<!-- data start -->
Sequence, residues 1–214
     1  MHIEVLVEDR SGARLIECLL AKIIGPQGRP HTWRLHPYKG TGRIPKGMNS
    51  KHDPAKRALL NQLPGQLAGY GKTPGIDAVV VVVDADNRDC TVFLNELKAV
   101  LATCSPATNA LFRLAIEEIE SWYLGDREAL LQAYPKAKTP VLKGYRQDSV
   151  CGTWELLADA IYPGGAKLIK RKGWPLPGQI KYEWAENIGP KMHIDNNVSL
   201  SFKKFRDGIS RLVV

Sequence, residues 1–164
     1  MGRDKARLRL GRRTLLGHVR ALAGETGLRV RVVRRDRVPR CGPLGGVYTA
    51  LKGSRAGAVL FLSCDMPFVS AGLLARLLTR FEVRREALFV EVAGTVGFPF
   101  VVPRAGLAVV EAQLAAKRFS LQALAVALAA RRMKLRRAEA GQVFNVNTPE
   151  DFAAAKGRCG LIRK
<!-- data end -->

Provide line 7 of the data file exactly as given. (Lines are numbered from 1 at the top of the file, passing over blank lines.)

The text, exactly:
Sequence, residues 1–164